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Top girls' schools to hear child marriage work

Press Release   •   Nov 22, 2011 12:46 GMT

A LEADING child rights campaigner is to address heads from the country’s top girls’ schools at a Bristol conference tomorrow (23). 

Marie Staunton, chief executive of children’s charity Plan UK, will speak to the Girls’ Schools Association annual conference. 

The GSA chose Plan UK as its charity of the year and its president Dr Helen Wright recently returned from a trip to Bangladesh to see efforts to tackle child marriage. 

“Our work around the world has shown us that early and forced marriage is one of the biggest barriers to girls’ education,” says Ms Staunton. 

“Girls married young are far more likely to drop out of school, get pregnant and face serious health consequences as a result. 

“They’re also far more likely to face abuse and to never pursue a career.

“We’re delighted to have been chosen as the GSA’s charity of the year and hope they’ll join us in the fight against one of the greatest injustices of our age.” 

Plan’s Because I am a Girl Campaign focuses on the 75 million girls out of school worldwide.

The Girls’ Schools Association, chaired by renowned educationalist Dr Helen Wright, is backing the movement. 

Schooling is proven to dramatically improve the life of girls in developing countries.  

Educated girls are more likely to be healthy and survive into adulthood. They are less likely to marry and have children early.   

The Girls’ School Association represents the head teachers of leading independent schools in the UK. 

The three-day annual conference at Bristol City Centre Marriott Hotel will welcome 200 delegates and feature speakers including schools minister Nick Gibb.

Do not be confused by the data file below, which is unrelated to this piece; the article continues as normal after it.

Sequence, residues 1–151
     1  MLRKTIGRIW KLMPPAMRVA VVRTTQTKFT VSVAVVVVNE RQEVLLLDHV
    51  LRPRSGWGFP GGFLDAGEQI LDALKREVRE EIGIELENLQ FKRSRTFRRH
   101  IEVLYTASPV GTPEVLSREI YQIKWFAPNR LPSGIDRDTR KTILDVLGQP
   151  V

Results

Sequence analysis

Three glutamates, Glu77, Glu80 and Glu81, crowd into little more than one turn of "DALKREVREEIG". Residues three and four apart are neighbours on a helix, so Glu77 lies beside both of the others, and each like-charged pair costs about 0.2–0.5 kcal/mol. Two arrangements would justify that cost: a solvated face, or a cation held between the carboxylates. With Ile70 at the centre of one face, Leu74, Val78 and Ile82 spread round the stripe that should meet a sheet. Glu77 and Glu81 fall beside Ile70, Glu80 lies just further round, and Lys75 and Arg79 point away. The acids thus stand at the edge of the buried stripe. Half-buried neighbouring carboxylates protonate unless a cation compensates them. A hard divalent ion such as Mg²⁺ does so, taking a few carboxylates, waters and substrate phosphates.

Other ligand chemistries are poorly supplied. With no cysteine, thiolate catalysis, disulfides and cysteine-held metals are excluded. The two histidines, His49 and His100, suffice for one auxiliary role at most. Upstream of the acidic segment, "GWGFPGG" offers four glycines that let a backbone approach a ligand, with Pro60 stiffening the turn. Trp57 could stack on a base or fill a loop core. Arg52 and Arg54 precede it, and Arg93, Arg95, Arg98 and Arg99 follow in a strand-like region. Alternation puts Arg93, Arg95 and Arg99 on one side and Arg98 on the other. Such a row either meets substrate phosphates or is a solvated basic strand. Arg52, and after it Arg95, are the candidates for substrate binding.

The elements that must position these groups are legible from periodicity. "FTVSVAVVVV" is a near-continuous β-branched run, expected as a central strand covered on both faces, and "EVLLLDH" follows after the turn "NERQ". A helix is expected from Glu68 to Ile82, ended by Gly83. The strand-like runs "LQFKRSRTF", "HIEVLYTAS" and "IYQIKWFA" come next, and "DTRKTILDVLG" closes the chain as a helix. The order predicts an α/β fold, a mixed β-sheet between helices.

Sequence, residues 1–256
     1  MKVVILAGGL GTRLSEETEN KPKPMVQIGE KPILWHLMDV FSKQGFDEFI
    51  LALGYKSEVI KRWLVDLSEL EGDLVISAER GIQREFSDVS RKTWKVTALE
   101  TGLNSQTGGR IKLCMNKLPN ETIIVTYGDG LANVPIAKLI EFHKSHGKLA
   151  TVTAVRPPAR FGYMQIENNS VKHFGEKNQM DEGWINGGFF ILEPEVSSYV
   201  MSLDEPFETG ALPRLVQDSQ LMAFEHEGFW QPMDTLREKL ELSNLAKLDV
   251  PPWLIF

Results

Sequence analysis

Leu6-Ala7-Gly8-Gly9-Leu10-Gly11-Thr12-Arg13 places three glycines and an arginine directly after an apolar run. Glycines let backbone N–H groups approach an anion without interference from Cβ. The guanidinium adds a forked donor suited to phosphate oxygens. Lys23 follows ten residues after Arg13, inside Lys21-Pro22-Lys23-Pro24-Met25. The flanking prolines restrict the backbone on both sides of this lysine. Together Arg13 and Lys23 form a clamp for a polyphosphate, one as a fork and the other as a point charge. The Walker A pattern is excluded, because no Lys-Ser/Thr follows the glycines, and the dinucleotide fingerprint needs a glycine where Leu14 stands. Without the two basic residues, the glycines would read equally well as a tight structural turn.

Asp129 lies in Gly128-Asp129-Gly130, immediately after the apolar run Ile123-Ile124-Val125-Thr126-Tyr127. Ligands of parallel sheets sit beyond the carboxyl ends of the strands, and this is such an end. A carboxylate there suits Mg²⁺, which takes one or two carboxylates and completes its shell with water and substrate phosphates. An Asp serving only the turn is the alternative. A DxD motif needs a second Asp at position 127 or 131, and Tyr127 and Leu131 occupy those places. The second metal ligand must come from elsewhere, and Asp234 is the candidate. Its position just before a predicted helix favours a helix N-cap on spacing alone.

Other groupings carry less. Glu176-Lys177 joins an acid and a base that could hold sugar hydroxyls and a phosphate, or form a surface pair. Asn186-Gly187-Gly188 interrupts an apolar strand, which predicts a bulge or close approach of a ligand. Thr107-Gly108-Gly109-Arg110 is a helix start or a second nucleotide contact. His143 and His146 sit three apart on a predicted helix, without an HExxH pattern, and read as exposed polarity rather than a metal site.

“The lives of UK women have changed immeasurably in recent generations,” says Dr Wright, of GSA’s partnership with Plan UK. 

“It is just as important for us to encourage the girls in its schools to help fellow women and girls in less fortunate circumstances, as it is to educate and provide them with the tools and self-confidence to aim high.” 

For more information on Plan call 0300 777 9777 or visit www.plan-uk.org

Notes to editors

1) Plan is a global children’s charity. We work with children in the world’s poorest countries to help them build a better future. A future you would want for all children, your family and friends. For over 70 years we’ve been taking action and standing up for every child’s right to fulfil their potential by:

  • giving children a healthy start in life, including access to safe drinking water
  • securing the education of girls and boys
  • working with communities to prepare for and survive disasters
  • inspiring children to take a lead in decisions that affect their lives
  • enabling families to earn a living and plan for their children’s future.

We do what’s needed, where it’s needed most. We do what you would do. With your support children, families and entire communities have the power to move themselves from a life of poverty to a future with opportunity.

2) We work with children in 48 of the world’s poorest countries to help them build a better future.

3) Plan was founded by British journalist John Langdon-Davies in 1937 to rescue orphans and other vulnerable children from the Spanish Civil War.

 4) We have over 114,000 sponsors in the UK, generating £25 million a year, and 1.5 million sponsored children worldwide.

 5) Sponsorship starts at £15-a-month and, rather than going to individual children and their families, funds projects to improve schooling, health, nutrition and livelihoods across communities. 

6) Plan UK’s Youth Advisory Panel (YAP) is a group of young people aged 13-18 who offer Plan an invaluable youth perspective. YAP puts young people’s voices at the heart of Plan’s work, because they have ideas, experience and, needless to say, know more about childhood than adults. Their input can help Plan to understand how to work with the young people whose lives it aims to improve.

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